Students shouldn't worry about jobs in journalism

A digital shift may have some students worrying about their futures

The days of the local paper boys riding their bicycles around cities in the early hours of the morning to deliver newspapers are essentially over. With a strong transition to online news, it is becoming getting less common to sit at the kitchen table to read the day’s paper.

Modern society revolves around instant gratification, especially when breaking news can reach people’s smartphones in a matter of seconds via Twitter, Facebook or any other online news outlet. 

The field of journalism is ever-changing, and recent technological advances are creating new ways for content producers to relay information to audiences around the world.

However, with new technology comes a decline in traditional newspaper reporting jobs and perhaps the emergence of anxiety among prospective journalists who will be entering the job market in the coming years.

ASU’s Walter Cronkite School of Journalism and Mass Communication has consistently been ranked as one of the top journalism schools in the U.S. and produces talented journalists each year.

But job titles look much different than they did even a few years ago and might surprise some students who came into the program anticipating a traditional reporter position at a newspaper upon graduation.

Numbers taken from Pew Research Center. Graphic published on Wednesday, Jan. 17, 2018.

Although those jobs are dwindling, that does not mean those students don’t have other options.

“There will still be writing jobs,” Mike Wong, director of career services for the Cronkite school, said. “... It’s just going to take a different form.”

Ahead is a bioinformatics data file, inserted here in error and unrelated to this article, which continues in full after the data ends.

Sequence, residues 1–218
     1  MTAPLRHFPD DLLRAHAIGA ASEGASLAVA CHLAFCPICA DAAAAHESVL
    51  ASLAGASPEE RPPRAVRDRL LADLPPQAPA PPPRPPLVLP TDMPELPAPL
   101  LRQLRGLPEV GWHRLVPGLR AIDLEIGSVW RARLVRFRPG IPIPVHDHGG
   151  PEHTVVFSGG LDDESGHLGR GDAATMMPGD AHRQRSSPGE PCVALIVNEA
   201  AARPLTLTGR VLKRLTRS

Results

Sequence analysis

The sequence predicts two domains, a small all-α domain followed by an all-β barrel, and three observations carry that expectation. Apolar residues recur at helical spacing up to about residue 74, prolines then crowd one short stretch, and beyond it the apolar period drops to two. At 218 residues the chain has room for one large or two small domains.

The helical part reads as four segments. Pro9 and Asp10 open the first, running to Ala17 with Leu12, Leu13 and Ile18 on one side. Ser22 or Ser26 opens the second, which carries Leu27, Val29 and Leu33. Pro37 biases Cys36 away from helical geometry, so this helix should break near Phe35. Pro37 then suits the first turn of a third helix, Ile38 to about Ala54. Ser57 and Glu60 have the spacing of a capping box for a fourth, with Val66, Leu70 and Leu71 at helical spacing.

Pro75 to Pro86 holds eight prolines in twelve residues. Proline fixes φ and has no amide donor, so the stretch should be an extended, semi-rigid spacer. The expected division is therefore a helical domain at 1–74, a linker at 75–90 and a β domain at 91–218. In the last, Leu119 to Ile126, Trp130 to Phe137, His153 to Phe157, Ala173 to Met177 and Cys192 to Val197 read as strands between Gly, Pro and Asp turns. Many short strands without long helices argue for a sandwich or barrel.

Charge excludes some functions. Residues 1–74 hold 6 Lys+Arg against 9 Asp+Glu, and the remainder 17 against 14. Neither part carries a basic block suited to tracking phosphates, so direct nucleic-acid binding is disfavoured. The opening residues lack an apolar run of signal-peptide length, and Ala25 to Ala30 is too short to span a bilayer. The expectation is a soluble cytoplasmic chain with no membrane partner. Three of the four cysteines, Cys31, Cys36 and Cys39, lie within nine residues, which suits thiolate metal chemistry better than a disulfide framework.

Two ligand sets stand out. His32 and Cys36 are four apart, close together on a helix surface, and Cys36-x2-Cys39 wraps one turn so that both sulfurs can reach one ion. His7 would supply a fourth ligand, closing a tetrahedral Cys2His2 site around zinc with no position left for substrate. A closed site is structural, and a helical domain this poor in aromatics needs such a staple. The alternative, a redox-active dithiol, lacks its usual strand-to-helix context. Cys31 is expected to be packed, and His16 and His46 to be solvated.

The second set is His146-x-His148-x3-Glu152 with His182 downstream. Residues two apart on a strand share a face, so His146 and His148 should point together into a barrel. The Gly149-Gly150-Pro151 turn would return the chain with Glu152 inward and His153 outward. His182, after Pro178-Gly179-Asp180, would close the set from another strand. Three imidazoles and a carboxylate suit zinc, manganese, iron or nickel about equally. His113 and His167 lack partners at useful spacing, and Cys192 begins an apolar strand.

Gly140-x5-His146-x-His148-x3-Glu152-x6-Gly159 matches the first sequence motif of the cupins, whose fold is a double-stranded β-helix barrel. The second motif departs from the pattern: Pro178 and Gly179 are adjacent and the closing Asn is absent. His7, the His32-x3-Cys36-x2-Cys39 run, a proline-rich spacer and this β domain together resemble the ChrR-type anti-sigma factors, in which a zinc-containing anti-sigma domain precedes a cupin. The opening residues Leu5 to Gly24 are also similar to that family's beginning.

It is up to news organizations and the journalists themselves to figure out how to reach the younger demographics, which are consuming news through new mediums.  

“The (journalism) process is still going to be the same,” Wong said. “The core values of journalism are still going to be the same whether you’re a traditional newspaper reporter or producing digital content for a website or for whoever you’re writing for. It’s just going to be published on a different platform. Instead of print or ink, perhaps it’s going to be on your tablet or phone.”

As of August 2017, 67 percent of adults in the U.S. acquire some portion of their news from social media, according to a study from the Pew Research Center. 

People are constantly surrounded by technology and electronics in their daily lives, so the most effective way to determine how to reach those audiences is by listening to them.

Young people know how other young people get their information and can help companies devise strategies on how to efficiently get it to them, which is the most important facet of journalism. 

Journalists can’t afford to be one-dimensional. They need to be prepared to adapt to new challenges they will inevitably face in the field and be as versatile as possible. There is no telling what kind of opportunities might arise, so it’s crucial to gain experience in as many areas as possible.  

“In this profession, you could look really good on a resume,” Wong said. “But you also need to have the clips, writing samples and portfolio to back it up, and that’s what you’re going to be judged on. As those traditional newspaper jobs are in decline, there’s a whole different space where digital content jobs could be on the increase.”

Experience is invaluable. Whether it’s interning at an organization or freelancing, the experience only helps build cases as to why certain graduates deserve job positions over others.      

There is a whole new job market available to recent graduates, so there is no reason for students to worry about their futures.

As long as journalism students across the U.S. take advantage of the opportunities offered at journalism schools before entering the work force, they should have no trouble finding employment when they enter the real world. 

Reach the columnist at or follow @PSlobodzianASU on Twitter.

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Editor’s note: The opinions presented in this column are the author’s and do not imply any endorsement from The State Press or its editors. 

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